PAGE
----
‘open doors to the future’

Posted on Oct 3 2012 - 11:32am by Lacey Russell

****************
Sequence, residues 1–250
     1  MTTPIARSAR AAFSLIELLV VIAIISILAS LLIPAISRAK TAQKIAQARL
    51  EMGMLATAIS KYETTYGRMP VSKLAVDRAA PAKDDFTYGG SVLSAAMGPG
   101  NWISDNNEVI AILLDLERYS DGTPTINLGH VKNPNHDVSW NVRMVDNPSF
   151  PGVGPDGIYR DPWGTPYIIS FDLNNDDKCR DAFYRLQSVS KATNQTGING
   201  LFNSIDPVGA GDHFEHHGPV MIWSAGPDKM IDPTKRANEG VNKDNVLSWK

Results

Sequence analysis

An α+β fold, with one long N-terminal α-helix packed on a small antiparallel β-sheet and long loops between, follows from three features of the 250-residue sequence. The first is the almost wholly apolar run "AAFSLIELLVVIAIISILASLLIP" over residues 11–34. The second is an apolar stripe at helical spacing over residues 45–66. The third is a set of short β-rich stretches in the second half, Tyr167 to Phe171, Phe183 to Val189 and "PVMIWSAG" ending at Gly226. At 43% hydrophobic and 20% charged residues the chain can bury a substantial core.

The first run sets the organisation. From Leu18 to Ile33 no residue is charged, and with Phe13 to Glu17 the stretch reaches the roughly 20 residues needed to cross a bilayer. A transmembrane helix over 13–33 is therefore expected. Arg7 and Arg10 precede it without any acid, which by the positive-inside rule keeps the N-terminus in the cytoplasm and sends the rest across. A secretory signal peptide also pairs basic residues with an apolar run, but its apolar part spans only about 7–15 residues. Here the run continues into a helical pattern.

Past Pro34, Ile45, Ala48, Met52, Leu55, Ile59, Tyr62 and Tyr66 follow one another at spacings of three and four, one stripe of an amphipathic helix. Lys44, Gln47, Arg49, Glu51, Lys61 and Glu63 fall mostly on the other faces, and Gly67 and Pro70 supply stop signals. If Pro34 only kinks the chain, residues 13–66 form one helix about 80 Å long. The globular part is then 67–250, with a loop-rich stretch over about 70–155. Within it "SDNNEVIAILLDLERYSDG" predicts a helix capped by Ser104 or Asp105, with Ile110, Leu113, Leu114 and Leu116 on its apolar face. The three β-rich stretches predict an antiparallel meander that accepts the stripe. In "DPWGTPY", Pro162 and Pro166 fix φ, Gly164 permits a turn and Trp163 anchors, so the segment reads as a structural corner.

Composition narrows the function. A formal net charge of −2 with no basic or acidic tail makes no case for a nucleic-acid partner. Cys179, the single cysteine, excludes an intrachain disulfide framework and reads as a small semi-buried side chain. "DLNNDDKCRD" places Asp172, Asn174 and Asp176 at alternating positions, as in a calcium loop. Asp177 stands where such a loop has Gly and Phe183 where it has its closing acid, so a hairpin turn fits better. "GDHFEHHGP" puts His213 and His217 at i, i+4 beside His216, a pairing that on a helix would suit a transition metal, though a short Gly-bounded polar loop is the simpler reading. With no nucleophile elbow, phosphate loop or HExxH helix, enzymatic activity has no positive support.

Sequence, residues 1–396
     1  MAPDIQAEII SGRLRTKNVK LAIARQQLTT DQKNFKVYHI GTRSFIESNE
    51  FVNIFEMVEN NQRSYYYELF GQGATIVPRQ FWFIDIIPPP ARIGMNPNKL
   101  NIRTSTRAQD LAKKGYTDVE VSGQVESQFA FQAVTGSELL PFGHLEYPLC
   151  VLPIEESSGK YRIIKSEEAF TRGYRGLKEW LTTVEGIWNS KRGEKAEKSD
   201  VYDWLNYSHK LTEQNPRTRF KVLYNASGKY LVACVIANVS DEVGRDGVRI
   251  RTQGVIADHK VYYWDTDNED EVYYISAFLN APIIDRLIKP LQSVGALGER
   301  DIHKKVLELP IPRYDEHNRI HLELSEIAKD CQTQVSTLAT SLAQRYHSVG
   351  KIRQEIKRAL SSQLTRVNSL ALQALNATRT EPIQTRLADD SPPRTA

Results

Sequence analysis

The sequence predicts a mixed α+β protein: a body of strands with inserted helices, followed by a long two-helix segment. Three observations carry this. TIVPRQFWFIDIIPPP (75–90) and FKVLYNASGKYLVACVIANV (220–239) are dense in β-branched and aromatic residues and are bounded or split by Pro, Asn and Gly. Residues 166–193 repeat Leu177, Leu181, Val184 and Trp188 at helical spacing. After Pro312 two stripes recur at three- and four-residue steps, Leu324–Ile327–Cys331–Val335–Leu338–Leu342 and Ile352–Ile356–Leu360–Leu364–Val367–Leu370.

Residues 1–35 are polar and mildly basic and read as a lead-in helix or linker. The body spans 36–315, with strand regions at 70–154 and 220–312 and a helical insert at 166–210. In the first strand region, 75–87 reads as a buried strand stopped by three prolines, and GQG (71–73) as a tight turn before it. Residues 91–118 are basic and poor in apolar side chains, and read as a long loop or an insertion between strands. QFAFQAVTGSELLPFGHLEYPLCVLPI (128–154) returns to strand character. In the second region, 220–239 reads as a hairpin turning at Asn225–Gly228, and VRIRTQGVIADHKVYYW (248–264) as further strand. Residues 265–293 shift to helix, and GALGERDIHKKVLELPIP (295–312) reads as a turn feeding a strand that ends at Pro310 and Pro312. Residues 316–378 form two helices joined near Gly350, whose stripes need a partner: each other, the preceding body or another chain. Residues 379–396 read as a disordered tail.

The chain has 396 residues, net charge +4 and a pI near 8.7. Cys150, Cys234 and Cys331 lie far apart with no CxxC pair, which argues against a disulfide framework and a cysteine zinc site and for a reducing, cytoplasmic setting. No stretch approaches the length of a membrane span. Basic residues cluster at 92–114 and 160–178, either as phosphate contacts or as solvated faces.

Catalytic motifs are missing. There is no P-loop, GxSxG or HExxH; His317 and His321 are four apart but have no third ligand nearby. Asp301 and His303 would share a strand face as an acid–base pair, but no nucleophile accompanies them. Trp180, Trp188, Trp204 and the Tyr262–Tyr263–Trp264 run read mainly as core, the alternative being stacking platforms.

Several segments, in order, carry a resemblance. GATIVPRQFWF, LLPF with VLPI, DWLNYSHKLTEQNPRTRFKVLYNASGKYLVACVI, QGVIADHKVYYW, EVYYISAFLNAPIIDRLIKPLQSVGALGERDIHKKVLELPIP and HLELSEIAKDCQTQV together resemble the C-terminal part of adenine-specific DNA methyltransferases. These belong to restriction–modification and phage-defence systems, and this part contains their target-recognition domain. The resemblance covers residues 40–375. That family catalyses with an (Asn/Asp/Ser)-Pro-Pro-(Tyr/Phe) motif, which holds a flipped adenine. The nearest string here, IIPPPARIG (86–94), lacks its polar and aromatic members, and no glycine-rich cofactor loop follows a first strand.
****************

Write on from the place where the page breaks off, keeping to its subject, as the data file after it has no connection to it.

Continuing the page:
Musician and Civil Rights Activist Harry Belafonte, Chan- cellor Dan Jones and Associated Student Body president Kimbrely Dandridge led a walk to commemorate the anniversary of James Meredith’s first day as a student at The University of Mississippi. The walk began at Baxter Hall, where Meredith lived while on campus, and ended at the Lyceum steps. Facing the statue of Meredith, Jones addressed those celebrat- ing the occasion. “The reality of our history is difficult, and we express deep regret that the things that happened here 50 years ago hap- pened to Mr. Meredith, even though he is not present today,” Jones said. “We say to him, to his family, to anyone who shares that heart, we say we re- gret the past and we apologize for the way things were and we apologize that this was such adifficult place for people to find opportunity. “And, as we offer that apolo- gy, we also re-commit ourselves to open doors to the future,” Jones added. The chancellor continued to express the appreciation, admiration and respect he and those in attendance held for Meredith. “Fifty years ago today, a courageous American, Mr. James Meredith, sacrificed, risked his life, so that we could all live in a world with more opportunity,” Jones said. “Today we commemorate the sad events that took place on September 30, where two lives were given and many were injured in violence that should not have taken place, and we celebrate 50 years of integration for this university and the wonderful way that it has changed this university for the better. “His courageous act not only changed this university, but was a bellwether event in changing doors of opportunity in edu- cation across the country and particularly here in the south where the resistance had been so strong,” Jones said. Jones and Belafonte, who was the keynote speaker for the eve- ning, contacted Meredith from the Lyceum to wish him well and express regret at his ab- sence. Although James Meredith was on campus for the Texas football game, Meredith told The Associated Press on Monday that he did not see a point in being present for the university’s celebration of 50 years of integration. “I ain’t never heard of the French celebrating Waterloo,” Meredith told The AP. “I ain’t never heard of the Germans celebrating the invasion of Normandy, or … the bombing and destruction of Berlin. I ain’t never heard of the Spanish celebrating the destruction of the Armada.” When asked by The AP to clarify, Meredith responded, “Did you find anything 50 years ago that I should be celebrating?” Those on campus, however, have continued to enjoy the events and commemorate the past. “The whole day has been great,” public policy senior Keegan Coleman said. “This walk is symbolic in the fact that 50 years ago, as diverse a group as is out here would not have been possible.”